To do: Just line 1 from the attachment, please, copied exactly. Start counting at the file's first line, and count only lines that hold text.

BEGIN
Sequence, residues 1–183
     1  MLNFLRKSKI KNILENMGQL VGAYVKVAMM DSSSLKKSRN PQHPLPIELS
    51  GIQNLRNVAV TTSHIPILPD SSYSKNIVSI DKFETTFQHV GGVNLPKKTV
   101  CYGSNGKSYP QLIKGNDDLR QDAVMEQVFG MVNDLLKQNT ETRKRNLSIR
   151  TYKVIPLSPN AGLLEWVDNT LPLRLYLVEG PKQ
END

Sequence, residues 1–183